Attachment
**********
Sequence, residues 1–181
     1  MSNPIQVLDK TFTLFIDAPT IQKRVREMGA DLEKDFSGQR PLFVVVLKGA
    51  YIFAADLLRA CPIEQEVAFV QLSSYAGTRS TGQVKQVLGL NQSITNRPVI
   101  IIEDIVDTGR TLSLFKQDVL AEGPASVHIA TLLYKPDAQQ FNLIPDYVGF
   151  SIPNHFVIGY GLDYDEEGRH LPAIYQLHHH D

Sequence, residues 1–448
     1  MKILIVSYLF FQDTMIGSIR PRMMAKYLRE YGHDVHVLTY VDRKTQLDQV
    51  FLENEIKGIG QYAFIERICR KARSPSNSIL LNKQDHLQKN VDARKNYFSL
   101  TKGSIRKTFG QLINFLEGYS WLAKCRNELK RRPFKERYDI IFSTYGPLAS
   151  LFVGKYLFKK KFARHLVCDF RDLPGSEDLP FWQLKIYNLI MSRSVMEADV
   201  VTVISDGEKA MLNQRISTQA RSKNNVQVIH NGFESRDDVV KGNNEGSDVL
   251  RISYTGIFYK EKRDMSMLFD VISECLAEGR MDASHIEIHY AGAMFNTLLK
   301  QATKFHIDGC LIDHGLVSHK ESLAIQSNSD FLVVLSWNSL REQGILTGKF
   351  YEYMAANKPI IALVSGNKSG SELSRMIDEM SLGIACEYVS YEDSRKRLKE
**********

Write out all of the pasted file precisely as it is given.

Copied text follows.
Sequence, residues 1–181
     1  MSNPIQVLDK TFTLFIDAPT IQKRVREMGA DLEKDFSGQR PLFVVVLKGA
    51  YIFAADLLRA CPIEQEVAFV QLSSYAGTRS TGQVKQVLGL NQSITNRPVI
   101  IIEDIVDTGR TLSLFKQDVL AEGPASVHIA TLLYKPDAQQ FNLIPDYVGF
   151  SIPNHFVIGY GLDYDEEGRH LPAIYQLHHH D

Sequence, residues 1–448
     1  MKILIVSYLF FQDTMIGSIR PRMMAKYLRE YGHDVHVLTY VDRKTQLDQV
    51  FLENEIKGIG QYAFIERICR KARSPSNSIL LNKQDHLQKN VDARKNYFSL
   101  TKGSIRKTFG QLINFLEGYS WLAKCRNELK RRPFKERYDI IFSTYGPLAS
   151  LFVGKYLFKK KFARHLVCDF RDLPGSEDLP FWQLKIYNLI MSRSVMEADV
   201  VTVISDGEKA MLNQRISTQA RSKNNVQVIH NGFESRDDVV KGNNEGSDVL
   251  RISYTGIFYK EKRDMSMLFD VISECLAEGR MDASHIEIHY AGAMFNTLLK
   301  QATKFHIDGC LIDHGLVSHK ESLAIQSNSD FLVVLSWNSL REQGILTGKF
   351  YEYMAANKPI IALVSGNKSG SELSRMIDEM SLGIACEYVS YEDSRKRLKE